Our nature collection is ever growing. This is what it looks like at the moment. I like to use beautiful clear jars and bottles to draw attention to the lovely treasures.

On the Playroom Shelf - birds nest {An Everyday Story}.jpgHow does your child play? If your play area isn’t being used in the way you would like, knowing how your child plays will help you to make changes which will make the space more inviting to your child.

  • Do they play big? Do they like to completely take over an area? Clear the room of any large pieces of furniture like tables and chairs and create a large floor space which allows them to do this
  • Do they prefer to tinker and draw like Jack does? Then maybe you’ll need to bring a table and chairs in for them to sit at while they are creating
  • Do they like to build? Dedicate a space like a shelf or side table for them to place ‘works in progress’ creations
  • Do they enjoy dressing up? Make a hanging space with a mirror to display the dress-ups in an inviting way

What really matters is that the space reflects your children.

Arranging Toys

Just a quick note on arranging your toys. As you work through your sorting think about each toy or material as you place it back on the shelf:

  • try to keep some space around each toy or material – you don’t want too much on the shelves
  • try not to put toys behind other toys on the shelf – this makes it more difficult for your child to see the toys
  • keep the corners of the rooms or some wall space clear – try to keep the room looking light and open
  • separate all your small toys and arrange them in baskets or containers – most of our baskets were bought from charity stores
  • bring some warmth into the room by displaying some photos of your children playing and some framed artworks – little narratives of your family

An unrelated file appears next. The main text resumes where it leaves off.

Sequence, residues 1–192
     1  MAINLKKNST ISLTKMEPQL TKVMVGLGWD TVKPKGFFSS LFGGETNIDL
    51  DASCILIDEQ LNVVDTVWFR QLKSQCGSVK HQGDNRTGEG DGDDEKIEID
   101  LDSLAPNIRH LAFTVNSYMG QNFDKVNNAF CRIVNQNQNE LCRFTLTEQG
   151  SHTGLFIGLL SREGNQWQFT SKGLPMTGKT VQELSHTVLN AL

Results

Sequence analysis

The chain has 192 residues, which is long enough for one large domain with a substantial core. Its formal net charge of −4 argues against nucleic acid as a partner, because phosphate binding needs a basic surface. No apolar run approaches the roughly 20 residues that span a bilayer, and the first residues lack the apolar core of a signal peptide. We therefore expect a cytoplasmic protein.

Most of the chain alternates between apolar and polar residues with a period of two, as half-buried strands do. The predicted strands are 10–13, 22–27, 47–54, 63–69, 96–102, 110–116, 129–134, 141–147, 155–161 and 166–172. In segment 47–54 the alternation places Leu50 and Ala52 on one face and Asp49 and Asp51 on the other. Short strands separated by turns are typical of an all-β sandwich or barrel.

• bring in some living plants
  • choose toys which reflect your child’s current interests


Think about how your child plays and make changes to their play area which will support this play


If you missed a post, here’s the rest of the series

11 Replies to “Improving a Play Space| Day 3 – 30 Days TYP”

  1. This is a great series and has come at a great time for us as we are in the process of re-organising my son’s room. Loving your nature displays, we are always picking things up so I think it’s about time we did something with them. Thanks for the inspiration 🙂

  2. Hi Kate
    Just wanted to let you know I’m reading along and being most inspired. Practically I may not get to do anything till the hols but I’m thinking and envisaging.

  3. Thank you Kate for your inspiration. In nesting at the moment and so this series has come at the perfect time!

    Would love to hear your thoughts on encouraging miss nearly two to be proactive in play; for example engaging more, thinking about what she would like to do and independent play.

    Love your blog x

  4. Love the use of the glass jars. I have recently moved and don’t have much space at all so his toys are dotted around the house (bit I quite like that). His main toy area is a small shelving unit in the dining room which fits about ten items. I rotate these when it becomes disengaged with an activity. He takes a basket into the living room where he plays in front of floor to ceiling Windows which is just lovely. He has his books, rocking horse and garage in their too as I like him to feel his things are part of the house too and not just tucked away. He only has books in his room at the moment as he’s only two so tends to play in the main areas of the house with me.